Photo via Wikimedia Commons
When you're from Detroit, you're used to people dumping on your city. You just roll your eyes and move on, knowing that there's nothing you can do to change a person's mind once it's made up like that. After you've heard the 1,000th person guffawing about how awful Detroit is, you shrug, knowing that the person talking doesn't understand the city, and is just an ignorant fool.
Maybe that's why we're so blindsided by people who burble on happily about Detroit, but make us feel the same way.
The latest and best example of this is a chatty, self-identified Millennial who wants to tell us about our city
. As statements go, it's clear and literate. The only problem is it sounds like the only research the author did was a few Google searches. (The author's LinkedIn profile identifies her as living in the suburbs of Kalamazoo.)
The piece also contains an ungainly effort to tie the fate of the city with the fate of Millennials in general. (Resist the urge to spew when you read this clunker: "This city has everything Millennials could ever want. It’s a growing city, just as we are. As we are out trying to find our path in life, so is Detroit.")
For more than 400 words, she details the city's history of grim statistics, without delving into any of the causes. Then, she provides the good news: Dan Gilbert and his ilk are saving the city, and downtown is coming back! Detroit is changing! See? Detroit is "on the right side of living history, a history we can play a huge role in."
No doubt, after this tremendous build-up of bad news, and the good word that billionaire saviors are rushing to the rescue, Millennials will be eager to learn what historic role they can play. Will it be by joining a public service group and helping fight youth hunger? Or by tutoring adults who have reading comprehension problems? Will it be by volunteering to help arrange transportation for the estimated 25 percent of Detroiters who cannot afford a car?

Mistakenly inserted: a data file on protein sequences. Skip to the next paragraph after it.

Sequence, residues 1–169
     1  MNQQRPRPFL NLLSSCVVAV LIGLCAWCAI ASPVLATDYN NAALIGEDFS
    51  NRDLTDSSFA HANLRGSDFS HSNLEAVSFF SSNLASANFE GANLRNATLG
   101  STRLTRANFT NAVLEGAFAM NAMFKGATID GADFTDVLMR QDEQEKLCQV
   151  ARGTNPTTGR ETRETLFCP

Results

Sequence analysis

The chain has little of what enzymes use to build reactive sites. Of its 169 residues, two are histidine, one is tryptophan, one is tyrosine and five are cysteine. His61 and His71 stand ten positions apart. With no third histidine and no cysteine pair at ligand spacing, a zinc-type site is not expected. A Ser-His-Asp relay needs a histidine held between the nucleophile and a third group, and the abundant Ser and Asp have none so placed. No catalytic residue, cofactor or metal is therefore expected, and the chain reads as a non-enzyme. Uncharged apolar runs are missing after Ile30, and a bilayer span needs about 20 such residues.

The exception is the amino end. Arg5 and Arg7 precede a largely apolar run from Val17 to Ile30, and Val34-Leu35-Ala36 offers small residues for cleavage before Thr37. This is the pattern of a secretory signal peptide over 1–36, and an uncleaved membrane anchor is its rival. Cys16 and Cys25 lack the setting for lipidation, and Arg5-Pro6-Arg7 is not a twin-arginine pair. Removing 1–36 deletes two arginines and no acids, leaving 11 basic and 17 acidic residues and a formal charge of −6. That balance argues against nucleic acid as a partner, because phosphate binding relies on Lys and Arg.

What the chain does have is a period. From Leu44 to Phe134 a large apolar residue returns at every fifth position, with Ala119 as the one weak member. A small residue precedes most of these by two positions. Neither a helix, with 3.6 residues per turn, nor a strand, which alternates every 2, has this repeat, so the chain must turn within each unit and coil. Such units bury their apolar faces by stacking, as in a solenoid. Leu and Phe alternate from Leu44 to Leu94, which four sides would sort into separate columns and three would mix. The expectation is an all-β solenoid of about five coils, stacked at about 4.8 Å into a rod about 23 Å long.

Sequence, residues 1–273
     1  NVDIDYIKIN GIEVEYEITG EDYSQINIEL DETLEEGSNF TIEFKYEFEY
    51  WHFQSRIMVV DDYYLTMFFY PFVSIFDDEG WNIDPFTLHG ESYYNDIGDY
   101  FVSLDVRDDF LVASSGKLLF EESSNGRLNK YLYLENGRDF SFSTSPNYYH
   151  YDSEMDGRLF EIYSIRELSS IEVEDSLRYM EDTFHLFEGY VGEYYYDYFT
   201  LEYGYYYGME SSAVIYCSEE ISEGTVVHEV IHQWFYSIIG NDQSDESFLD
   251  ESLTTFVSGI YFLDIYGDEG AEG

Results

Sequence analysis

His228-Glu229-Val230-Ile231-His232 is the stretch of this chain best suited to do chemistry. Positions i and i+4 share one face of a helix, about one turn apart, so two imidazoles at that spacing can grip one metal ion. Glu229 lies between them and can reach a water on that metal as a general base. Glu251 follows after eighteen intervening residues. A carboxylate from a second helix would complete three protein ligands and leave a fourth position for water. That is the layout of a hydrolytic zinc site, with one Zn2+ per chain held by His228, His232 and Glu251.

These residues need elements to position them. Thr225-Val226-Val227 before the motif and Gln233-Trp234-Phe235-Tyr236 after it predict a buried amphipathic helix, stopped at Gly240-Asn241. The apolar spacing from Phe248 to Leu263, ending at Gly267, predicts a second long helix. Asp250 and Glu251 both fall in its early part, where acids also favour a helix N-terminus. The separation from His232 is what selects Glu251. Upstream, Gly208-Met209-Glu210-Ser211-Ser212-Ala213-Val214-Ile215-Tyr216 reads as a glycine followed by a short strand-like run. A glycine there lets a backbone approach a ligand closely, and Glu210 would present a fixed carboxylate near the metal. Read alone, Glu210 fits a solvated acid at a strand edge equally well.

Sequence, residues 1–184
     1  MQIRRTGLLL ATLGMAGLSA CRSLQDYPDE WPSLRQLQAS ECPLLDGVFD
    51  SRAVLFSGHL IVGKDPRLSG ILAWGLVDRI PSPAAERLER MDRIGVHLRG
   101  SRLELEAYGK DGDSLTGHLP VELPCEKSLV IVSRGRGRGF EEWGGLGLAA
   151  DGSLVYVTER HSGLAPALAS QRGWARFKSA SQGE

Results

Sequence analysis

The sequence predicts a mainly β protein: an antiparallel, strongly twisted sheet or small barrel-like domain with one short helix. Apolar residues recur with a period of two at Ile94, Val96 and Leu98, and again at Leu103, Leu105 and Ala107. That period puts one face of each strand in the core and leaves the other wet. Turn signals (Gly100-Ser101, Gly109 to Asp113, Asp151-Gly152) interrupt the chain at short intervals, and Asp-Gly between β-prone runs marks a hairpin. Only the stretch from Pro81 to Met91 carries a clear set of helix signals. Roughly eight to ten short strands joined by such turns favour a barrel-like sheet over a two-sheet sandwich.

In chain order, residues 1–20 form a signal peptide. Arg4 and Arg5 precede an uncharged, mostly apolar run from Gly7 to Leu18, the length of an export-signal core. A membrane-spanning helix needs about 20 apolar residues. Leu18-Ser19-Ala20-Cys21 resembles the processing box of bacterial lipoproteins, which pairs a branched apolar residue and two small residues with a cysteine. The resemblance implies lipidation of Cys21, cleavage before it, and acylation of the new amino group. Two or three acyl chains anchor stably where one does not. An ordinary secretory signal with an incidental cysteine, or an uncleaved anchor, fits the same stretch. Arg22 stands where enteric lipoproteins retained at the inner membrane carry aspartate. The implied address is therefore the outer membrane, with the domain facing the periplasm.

No. The author says Millennials can play a huge role in Detroit's story by "moving into Detroit, or working for a company that is based downtown."
See how easy it is to be a part of history these days? (Sorry, longtime residents: Having lived in Detroit all your life may not qualify you for this history-making achievement.)
Read on, if you dare. If you felt at all squeamish about any of a number of topics — the state takeover of Belle Isle, the subsidies that have gone to Ilitch, the sham that is his yet-to-materialize "entertainment district" — you will despair as you read how this author has bought — hook, line, and sinker — all the empty PR about Detroit. She sounds like Linsday Lohan after eating about 50 pounds of promotional materials from the DEGC. To a person who understands the sordid realities and oily deals that exist behind this glossy picture, it reads like pure satire.
Hey, you can't dispute that downtown is changing. But that's just one part of the narrative. The other part of that narrative involves something that super-happy, entrepreneur-embracing, neighborhood-loving Millennials have a hard time doing: shutting up and listening to people — talking with the people in "the neighborhoods" who live outside that bright, shiny bubble, who are facing foreclosure, repossession, water shutoffs, poverty, crime, and depopulation. For three quarters of Detroit, this is what life is like.
As if channeling Gordon Sinclair's "The Americans,"
the author strikes a lofty tone in her finale, writing: "When this comeback happens, do not expect the citizens of Detroit to rise up and say, 'I told you so.' Do not expect them to brag or knock the cities that will inevitably fall into the darkness of bankruptcy. No, they will keep their heads down and quietly work just as hard as they always have. Because that is the Detroit way."
Actually, if the author were familiar with the citizens of Detroit and their history at all, she would realize that the Detroit way, if it exists at all, is to band together and engage in a noisy struggle against the status quo. Detroit has a legacy of social justice movements, labor activism, civil rights fights, fair housing clashes, and much more.
But learning that that might require stepping outside one's bubble and learning some unpleasant realities.